That said sequestering does harken back to the old days of training camp when teams would get together at colleges across the country to not only prepare but also bond. The Cowboys themselves were one of the few teams still traveling for camp before the pandemic and would spend three weeks together in Oxnard, Calif.
Public relations is always a bigger part of these things than it should be and perhaps you can add a placebo effect in that maybe players feel safer with all the bells and whistles.
Gestures aren't science, though, no matter how many people want to spin good intent with actual efficacy against a virus that doesn't care about anyone's altruism.
The younger Cowboys were already staying at the hotel anyway because that's the usual setup just like the Eagles use a hotel at the Navy Yard as the team hotel for training camp. A bubble-like atmosphere might help the Cowboys chemistry like an old-school camp. Other than that, peer review of the science you may think is settled isn't accepting a thesis built on the foundation of nonsense.
Even the NBA is prepared to lighten restrictions during the playoffs when it comes to its bubble so is it really a bubble?
NBA/NBPA guidelines on guests, starting after first-round of playoffs, per sources.— Adrian Wojnarowski (@wojespn) August 12, 2020
Four guests per player, but can be exceeded for children.
Guests can travel on team charters following testing.
Guests will be allowed to attend games.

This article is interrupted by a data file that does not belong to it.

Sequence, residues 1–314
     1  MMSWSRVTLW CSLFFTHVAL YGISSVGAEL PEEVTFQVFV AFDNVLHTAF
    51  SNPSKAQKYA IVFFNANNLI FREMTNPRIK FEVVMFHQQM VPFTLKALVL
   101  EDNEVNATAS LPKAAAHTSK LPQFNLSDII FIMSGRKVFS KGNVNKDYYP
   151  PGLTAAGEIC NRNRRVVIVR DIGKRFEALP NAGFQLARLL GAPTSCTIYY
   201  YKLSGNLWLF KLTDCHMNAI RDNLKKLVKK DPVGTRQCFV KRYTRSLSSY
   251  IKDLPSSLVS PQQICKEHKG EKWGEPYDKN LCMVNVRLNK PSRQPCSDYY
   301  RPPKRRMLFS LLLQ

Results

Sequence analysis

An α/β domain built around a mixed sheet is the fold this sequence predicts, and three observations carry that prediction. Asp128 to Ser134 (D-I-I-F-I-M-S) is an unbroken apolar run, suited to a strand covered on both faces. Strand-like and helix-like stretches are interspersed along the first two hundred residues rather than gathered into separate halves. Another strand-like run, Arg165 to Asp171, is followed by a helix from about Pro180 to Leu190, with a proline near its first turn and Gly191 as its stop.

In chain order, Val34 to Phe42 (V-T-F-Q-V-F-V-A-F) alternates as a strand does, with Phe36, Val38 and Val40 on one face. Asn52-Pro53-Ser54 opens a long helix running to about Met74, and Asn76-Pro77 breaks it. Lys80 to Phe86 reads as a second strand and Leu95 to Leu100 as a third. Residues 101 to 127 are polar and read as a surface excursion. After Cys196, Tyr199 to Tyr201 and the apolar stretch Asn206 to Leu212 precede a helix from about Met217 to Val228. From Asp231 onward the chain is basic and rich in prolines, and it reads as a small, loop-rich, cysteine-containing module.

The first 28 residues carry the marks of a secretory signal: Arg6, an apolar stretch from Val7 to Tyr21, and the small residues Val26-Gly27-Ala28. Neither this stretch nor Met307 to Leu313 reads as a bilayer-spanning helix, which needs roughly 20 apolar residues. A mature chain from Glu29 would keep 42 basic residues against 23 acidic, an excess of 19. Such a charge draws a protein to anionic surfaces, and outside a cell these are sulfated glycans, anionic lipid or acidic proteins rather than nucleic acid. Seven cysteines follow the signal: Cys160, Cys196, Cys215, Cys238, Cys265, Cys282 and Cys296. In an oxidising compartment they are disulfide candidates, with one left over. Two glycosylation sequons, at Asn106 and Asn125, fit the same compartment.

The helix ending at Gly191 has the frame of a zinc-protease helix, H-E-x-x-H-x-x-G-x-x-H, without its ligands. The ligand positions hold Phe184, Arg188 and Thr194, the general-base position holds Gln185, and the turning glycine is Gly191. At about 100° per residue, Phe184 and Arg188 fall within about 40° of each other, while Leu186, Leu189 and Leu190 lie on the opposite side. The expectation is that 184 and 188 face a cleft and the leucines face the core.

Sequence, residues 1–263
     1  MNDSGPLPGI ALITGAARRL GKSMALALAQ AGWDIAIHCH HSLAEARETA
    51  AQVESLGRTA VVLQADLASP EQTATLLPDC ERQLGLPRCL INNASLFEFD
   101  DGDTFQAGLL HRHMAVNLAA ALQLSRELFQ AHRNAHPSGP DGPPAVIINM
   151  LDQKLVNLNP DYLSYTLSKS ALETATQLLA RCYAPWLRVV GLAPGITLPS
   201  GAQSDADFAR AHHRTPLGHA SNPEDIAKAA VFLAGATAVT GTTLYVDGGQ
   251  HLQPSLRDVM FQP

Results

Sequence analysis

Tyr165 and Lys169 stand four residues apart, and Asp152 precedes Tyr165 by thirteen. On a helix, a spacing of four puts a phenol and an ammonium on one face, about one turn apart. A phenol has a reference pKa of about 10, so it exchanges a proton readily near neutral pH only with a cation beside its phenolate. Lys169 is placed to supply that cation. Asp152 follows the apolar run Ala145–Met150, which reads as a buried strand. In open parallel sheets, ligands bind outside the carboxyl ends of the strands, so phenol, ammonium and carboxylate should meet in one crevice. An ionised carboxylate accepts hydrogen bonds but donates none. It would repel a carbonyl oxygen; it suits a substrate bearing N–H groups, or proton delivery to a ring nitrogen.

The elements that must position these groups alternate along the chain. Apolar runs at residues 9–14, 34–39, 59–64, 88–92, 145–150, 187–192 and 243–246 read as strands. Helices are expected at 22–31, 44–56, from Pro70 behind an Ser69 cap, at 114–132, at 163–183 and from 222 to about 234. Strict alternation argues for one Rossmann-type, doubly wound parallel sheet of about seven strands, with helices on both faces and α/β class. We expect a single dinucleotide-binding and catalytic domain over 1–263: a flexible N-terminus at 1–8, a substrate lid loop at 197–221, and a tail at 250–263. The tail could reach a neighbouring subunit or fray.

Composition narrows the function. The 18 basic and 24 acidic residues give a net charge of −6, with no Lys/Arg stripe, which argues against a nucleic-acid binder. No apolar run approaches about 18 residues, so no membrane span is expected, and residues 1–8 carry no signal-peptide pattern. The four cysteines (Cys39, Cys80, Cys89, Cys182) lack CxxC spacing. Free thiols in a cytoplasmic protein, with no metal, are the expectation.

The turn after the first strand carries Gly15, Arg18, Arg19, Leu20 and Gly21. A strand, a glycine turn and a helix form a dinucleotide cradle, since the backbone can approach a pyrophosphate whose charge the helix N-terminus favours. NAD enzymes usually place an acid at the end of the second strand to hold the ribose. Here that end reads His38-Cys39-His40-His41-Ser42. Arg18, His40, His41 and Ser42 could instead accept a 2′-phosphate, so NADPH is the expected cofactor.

That's not an existential question either. The point here is what so many have described as a bubble isn't safe from a virus. Safer perhaps is a fair assessment and as you lower the bar to bubble-like adjust accordingly.
The Eagles are counting on education and maybe the best deterrent of all, keeping busy in a safer environment.
"Obviously it's typical training camp. We have curfew at 11:00 at the hotel," Pederson said. "The days are filled. We're on a 12-hour workday with the players, and there's not a lot of time at the end of the day.
"Once they leave the building, they are on their own and it's up to me and my staff and our trainers and doctors to educate them on the protocols outside of the building."
After 12 hours of grinding even young people aren't going to default to going out all that much even if they can actually find a spot to go to in a still somewhat locked-down Delaware Valley.
The coach is also using his own positive test as a teaching moment.
"This is just a great time for me to be — I think to be kind of an ambassador, to be a leader, to really educate our team on how to protect ourselves outside the building," he said.
As for make-believe bubbles, Pederson preferred not to play make-believe any longer.
"These are all things that were negotiated between the players and management, and we've actually given the players, the veteran players who have homes here, we have given them the option to either stay at the hotel or stay at home," he said. "That's part of the agreement.
"Listen, everybody's situation is different. Everybody wants to protect their families obviously, and I understand that, so we do give them that option to decide."
So what's the difference between Dallas' highly-publicized "bubble-like atmosphere" and the Eagles' plan?
Smoke and mirrors.
Maybe that vaccine gets fast-tracked.
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John McMullen is the NFL Insider for JAKIB Media and also contributes Eagles and NFL coverage for PhillyVoice and SI.com. You can reach him at firstname.lastname@example.org.